Impress your friends with the sky with these factually interesting facts about eclipse. USA TODAY
If you still have a sunshine residue from 2017, do not worry: next week there is one more.
But there is a catch – you will have to jump on an airplane
On July 2, a full eclipse of the sun will be visible in parts of South America if time permits. The path of eclipse that runs west to east, "begins in the southern Pacific Ocean near Pittner Island and ends on land by touching only two countries: Chile and Argentina," according to Astronomy magazine.
In particular, the sun
<img itemprop = "url" src = "https://www.gannett-cdn.com/-mm-/8a4e4e09c1de9475ba2f4087fce2b0e38f9aaa84/c=224-0-3737-2641/local The effect of the diamond ring is shown during the total solar eclipse in Hopkinsville, Ky. on August 21, 2017 (Photo: Michael Clevenger, Courier-Journal, through USA TODAY NETWORK)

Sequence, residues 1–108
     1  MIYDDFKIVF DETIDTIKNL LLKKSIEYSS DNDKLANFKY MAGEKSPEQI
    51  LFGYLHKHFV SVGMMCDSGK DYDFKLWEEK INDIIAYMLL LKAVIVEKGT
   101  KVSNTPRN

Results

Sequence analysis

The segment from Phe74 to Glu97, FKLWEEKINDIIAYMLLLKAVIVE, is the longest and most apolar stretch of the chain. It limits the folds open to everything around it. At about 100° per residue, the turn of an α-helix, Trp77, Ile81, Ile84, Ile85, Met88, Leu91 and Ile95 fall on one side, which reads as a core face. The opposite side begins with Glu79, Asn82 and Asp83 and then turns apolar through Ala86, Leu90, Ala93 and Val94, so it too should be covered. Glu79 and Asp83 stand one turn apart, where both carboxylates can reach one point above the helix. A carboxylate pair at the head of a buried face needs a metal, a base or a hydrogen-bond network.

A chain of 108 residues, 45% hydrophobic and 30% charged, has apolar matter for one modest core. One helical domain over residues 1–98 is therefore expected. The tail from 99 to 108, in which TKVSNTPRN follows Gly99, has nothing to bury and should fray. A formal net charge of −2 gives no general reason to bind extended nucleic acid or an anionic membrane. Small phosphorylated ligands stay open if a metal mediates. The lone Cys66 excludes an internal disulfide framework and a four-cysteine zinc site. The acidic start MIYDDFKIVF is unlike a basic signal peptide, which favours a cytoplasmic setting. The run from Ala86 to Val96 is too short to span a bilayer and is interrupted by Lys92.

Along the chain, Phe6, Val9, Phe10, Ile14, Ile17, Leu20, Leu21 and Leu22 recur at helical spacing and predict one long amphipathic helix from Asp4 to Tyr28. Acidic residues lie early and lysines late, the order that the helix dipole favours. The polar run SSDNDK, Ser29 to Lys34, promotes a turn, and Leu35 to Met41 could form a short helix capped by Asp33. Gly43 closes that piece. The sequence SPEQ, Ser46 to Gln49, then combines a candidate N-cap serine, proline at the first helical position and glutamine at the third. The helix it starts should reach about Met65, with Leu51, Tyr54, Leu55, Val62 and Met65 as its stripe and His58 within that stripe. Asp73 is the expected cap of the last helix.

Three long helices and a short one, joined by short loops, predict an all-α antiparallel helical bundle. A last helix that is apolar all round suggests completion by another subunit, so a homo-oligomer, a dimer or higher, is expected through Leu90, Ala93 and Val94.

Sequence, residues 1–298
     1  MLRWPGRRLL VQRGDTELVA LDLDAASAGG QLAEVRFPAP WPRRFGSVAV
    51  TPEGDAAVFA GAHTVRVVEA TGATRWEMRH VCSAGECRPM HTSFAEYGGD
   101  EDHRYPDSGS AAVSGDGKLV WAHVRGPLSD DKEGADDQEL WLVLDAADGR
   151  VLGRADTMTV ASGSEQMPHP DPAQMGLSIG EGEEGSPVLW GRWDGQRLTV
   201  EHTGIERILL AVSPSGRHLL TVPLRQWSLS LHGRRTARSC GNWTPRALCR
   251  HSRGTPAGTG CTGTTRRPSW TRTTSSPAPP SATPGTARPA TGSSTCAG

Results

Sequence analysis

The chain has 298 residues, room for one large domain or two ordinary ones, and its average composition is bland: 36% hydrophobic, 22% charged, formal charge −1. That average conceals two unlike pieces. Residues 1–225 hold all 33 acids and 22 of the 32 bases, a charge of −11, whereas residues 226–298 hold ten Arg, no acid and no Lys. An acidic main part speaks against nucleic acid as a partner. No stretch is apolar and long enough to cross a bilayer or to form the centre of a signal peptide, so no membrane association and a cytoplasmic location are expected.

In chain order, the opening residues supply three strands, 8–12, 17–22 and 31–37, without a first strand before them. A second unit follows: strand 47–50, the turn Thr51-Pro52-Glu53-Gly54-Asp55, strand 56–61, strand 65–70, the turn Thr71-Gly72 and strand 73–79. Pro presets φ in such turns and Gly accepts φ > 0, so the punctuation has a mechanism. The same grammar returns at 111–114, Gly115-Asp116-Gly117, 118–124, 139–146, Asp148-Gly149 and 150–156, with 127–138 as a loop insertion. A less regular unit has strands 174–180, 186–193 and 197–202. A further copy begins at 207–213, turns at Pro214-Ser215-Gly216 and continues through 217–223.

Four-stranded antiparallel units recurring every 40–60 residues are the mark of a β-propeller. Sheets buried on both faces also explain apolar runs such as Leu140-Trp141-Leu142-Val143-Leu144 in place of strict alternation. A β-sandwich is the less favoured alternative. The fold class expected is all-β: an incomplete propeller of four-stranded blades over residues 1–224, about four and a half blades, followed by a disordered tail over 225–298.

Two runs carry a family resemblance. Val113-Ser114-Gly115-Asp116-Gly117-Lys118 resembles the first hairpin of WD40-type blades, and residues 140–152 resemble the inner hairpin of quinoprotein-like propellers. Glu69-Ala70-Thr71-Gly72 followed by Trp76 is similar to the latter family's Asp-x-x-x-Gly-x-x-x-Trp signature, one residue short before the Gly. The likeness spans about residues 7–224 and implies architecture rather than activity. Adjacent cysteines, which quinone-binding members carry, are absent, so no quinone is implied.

"Total will first make drought in South America on the coast of Chile near La Serena at 4:39 pm on July 2, Space.com said
La Serena, a population of 200,000, is about 250 miles north of Santiago, the capital of Chile and the largest city e. Santiago residents will have to drive over 5 hours to the north to see the spectacle, the astronomical magazine reported.
Then the shadow of the moon will cross the Andes mountains and feed the city of San Juan, Argentina.